MINNEAPOLIS —Despite uncertainties surrounding the economic environment and consumer behaviors, first-quarter financial results at General Mills, Inc. fell in line with expectations, said Jeffrey L. Harmening, chairman and chief executive officer. As a result, the company has left unchanged its guidance for modest sales and earnings growth in fiscal 2024.
“Amid a continued volatile environment and with various puts and takes across our business, our first-quarter results at the enterprise level were broadly in line with our targets,” Harmening said in announcing quarterly results. “As we look to the rest of fiscal 2024, we have strong growth plans supported by healthy levels of investment, increased HMM (holistic margin management) productivity, and efficient capital deployment. With confidence in our plans and our ability to adapt to continued change in the consumer landscape, we are reaffirming our full-year financial guidance.”
The company’s guidance calls for net sales to climb 3% to 4% in fiscal 2024 and adjusted earnings per share to grow 4% to 6%.
First-quarter net income for the period ended Aug. 28 was $673.5 million, equal to $1.15 per share on the common stock, down 16% from $820 million, or $1.37 per share, in the first quarter last year. Sales were $4.9 billion, up 4% from $4.7 billion last year.
Results in fiscal 2023 included a $430.9 million gain related to a divestiture. Adjusted for this and other unusual items, earnings per share in the first quarter were down 1% from the year before.
Accounting for 6% growth in quarterly sales, volume was down 2% while price/mix added six percentage points to sales.
Updating investors on supply chain disruptions, Harmening said customer service levels have improved to “mid-90s in North America.”
“We’ve seen supply disruptions reduce to pre-pandemic levels,” he said. “This improvement is allowing us to put more resources toward our productivity efforts, and we remain on track to generate HMM cost savings.”
Operating profit of the North America Retail (NAR) segment was $798.2 million in the first quarter, up 3% from $777.8 million in June-August last year. Sales were $3.1 billion, up 3% from $3 billion a year earlier.
“In our North America Retail segment, we continued to see elevated retail sales growth for at-home food in the first quarter versus the pre-pandemic period, though the pace moderated from the double-digit growth rates we saw in fiscal 2023, reflecting less impact from inflation-driven pricing and a shift toward value for some consumers,” Harmening said.
The retail segment lost market share in the quarter, “as we expected,” Harmening said, noting supplier relationship management steps and an advantaged supply chain situation relative to competition a year earlier. These factors gradually will fade as the year progresses, “allowing us to get back to stronger share performance,” he said. Additionally, General Mills generated stronger growth in non-measured channels in the first quarter, including club, discount and dollar stores, he added.
Importantly, key indicators watched by General Mills trended positively in the first quarter, Harmening said.
“For example, we grew share of distribution on more than 70% of our NAR business in Q1, including cereal, snack bars, refrigerated dough, yogurt and desserts,” Harmening said during a call Sept. 20 with analysts. “We improved the effectiveness of our merchandising, with display support up mid-single digits versus the prior year. And as supply chains improve, we are able to refocus our efforts on General Mills’ proven strengths — building brands and delivering remarkable innovation. We continued to invest in our brands in Q1, with media investment up double digits, and we’ve received great feedback on our new product launches, including extending our successful minis cereals platform to two of the top brands in the category, Lucky Charms and Cocoa Puffs, as well as bringing luxury to the yogurt aisle with the launch of Haagen-Dazs cultured cream.”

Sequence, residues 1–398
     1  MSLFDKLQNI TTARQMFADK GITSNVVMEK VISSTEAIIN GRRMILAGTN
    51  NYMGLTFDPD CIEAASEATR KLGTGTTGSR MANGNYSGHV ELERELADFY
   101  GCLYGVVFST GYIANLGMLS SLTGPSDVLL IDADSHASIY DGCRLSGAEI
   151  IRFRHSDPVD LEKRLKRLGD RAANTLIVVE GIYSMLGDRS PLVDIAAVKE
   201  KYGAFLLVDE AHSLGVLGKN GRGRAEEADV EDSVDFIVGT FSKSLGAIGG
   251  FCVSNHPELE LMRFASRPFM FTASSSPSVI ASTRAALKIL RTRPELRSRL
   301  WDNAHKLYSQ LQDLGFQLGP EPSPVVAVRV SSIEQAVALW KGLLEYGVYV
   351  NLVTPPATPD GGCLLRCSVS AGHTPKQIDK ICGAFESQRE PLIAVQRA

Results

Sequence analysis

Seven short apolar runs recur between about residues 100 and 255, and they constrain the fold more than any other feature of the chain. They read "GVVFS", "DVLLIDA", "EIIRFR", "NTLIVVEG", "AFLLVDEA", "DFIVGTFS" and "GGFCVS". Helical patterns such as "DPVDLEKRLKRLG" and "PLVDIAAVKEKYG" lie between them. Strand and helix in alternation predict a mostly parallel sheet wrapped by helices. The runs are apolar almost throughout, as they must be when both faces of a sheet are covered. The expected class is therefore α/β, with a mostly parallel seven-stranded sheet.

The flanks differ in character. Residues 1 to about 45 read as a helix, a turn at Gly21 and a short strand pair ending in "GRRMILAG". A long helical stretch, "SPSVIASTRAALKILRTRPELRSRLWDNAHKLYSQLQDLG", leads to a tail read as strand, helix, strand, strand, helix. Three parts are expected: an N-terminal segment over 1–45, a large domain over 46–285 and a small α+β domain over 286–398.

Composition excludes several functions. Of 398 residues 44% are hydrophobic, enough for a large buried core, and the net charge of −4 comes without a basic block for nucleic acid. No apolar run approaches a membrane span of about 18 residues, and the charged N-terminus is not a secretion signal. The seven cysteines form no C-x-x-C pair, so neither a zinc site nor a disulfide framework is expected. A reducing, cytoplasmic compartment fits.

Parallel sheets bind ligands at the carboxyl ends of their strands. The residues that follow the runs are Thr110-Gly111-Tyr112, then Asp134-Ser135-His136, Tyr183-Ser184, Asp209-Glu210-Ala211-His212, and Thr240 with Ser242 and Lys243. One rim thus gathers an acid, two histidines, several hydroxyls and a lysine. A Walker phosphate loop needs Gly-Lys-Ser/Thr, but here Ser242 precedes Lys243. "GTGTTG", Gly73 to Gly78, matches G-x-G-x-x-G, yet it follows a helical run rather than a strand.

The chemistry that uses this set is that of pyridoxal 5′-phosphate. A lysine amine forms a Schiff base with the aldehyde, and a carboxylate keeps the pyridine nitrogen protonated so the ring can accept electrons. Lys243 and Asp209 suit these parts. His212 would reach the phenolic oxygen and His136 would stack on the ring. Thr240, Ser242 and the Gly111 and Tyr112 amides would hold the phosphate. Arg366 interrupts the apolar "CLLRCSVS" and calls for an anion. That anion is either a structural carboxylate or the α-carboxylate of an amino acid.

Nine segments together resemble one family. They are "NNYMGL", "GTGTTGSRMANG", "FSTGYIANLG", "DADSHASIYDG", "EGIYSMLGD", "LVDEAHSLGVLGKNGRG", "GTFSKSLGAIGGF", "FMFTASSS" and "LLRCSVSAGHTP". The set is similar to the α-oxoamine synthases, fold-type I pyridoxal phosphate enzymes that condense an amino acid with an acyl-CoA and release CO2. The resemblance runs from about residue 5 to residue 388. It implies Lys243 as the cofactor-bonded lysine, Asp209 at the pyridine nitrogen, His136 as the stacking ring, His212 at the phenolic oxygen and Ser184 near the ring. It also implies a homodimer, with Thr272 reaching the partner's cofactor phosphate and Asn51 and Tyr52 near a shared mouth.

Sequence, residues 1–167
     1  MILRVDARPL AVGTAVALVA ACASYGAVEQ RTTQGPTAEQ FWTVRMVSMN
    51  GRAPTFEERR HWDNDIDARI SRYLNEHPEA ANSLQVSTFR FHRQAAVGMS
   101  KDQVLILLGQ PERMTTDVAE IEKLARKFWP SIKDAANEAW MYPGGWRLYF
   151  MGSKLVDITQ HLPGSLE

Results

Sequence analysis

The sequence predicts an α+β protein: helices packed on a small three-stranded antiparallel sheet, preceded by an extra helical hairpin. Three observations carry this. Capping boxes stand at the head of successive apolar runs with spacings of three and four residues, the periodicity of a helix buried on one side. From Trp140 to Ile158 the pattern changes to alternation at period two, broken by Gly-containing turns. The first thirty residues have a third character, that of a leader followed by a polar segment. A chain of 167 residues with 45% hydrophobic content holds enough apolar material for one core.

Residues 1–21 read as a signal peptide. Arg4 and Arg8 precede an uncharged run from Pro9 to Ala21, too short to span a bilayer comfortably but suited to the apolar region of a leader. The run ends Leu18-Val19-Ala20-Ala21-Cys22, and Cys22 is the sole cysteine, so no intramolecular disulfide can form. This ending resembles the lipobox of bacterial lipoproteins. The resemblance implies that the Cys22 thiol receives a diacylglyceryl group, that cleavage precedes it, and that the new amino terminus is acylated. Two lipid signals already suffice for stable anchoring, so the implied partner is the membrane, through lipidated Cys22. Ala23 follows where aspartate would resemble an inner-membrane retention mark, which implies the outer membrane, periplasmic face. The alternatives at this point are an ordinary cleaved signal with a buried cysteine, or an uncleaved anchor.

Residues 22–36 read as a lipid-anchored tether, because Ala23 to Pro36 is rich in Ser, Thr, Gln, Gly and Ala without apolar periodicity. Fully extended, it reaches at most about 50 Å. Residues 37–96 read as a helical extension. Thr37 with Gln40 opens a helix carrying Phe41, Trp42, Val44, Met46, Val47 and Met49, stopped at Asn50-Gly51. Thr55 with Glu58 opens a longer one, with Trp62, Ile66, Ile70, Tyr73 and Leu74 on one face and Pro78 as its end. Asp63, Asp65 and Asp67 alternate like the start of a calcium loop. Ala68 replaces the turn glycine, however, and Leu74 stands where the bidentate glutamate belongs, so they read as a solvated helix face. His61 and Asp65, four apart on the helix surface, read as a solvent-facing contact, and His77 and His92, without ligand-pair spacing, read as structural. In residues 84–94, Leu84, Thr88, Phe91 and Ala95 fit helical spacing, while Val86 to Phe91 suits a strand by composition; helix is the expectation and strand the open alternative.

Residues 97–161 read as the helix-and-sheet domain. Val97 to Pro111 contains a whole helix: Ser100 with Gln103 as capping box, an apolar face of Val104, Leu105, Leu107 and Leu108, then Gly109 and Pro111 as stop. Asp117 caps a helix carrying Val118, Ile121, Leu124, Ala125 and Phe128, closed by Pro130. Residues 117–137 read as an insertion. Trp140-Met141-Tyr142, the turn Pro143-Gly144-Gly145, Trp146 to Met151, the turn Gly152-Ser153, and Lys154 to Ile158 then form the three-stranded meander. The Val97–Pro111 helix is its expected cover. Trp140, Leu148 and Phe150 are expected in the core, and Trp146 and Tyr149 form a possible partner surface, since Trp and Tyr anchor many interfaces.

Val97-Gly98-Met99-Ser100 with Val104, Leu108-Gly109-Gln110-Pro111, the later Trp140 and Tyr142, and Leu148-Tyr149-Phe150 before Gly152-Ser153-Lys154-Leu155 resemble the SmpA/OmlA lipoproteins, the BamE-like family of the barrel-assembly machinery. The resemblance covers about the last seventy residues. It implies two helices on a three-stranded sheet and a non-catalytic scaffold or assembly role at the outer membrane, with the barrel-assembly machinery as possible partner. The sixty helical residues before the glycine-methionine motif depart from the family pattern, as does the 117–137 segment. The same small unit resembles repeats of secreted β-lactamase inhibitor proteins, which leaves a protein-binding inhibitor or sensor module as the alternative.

Looking forward, Harmening said consumer cautiousness makes him hopeful about prospects for volume trends ahead for the NAR segment.
“The cost of eating out is roughly four times what it is eating at home,” he said. “And so as consumers get more squeezed, and as people get in their warmer routines in the fall, we would think that at-home eating will probably pick up a little bit. We’ll find out.”
North America foodservice generated operating profit of $59.1 million, up 10% from $53.6 million in the first quarter of fiscal 2023. Net sales of $536 million were up 8% from $496.4 million the prior year.
Four points of the sales gain were attributed to the company’s TNT Crust acquisition.
“Organic net sales were up 4% despite a six-point headwind from market index pricing on bakery flour,” General Mills said. “Segment operating profit increased 10% to $59 million, driven primarily by favorable net price realization and mix, partially offset by higher input costs.”
Harmening added, “We saw an increase in consumer traffic in hospitality, travel, education and other non-restaurant away-from-home food channels in Q1, while restaurant traffic was generally in line with year-ago levels. On the bottom line, North America foodservice segment operating profit was up 10% in Q1, driven by positive price/mix, partially offset by higher input costs.”
Adding color to guidance offered in his comments, Harmening sought to clarify what may be meant by improving volume trends.
“We do expect our volumes to improve,” he said. “Importantly, they don’t have to get to positive. They just have to improve from where they are now. And part of that is really going to be gaining share as pricing gets lapped, as the competition comparisons getting tougher and as ours get easier because of this supply chain channels.”